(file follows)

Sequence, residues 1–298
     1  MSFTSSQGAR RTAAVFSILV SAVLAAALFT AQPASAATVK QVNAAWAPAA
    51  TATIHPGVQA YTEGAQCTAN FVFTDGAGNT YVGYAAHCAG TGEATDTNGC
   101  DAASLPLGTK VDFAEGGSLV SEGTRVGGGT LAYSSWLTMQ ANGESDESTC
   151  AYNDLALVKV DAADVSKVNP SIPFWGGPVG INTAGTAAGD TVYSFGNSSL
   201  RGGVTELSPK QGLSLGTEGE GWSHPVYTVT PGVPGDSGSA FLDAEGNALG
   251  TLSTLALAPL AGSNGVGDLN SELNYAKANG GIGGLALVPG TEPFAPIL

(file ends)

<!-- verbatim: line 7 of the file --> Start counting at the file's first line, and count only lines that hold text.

   251  TLSTLALAPL AGSNGVGDLN SELNYAKANG GIGGLALVPG TEPFAPIL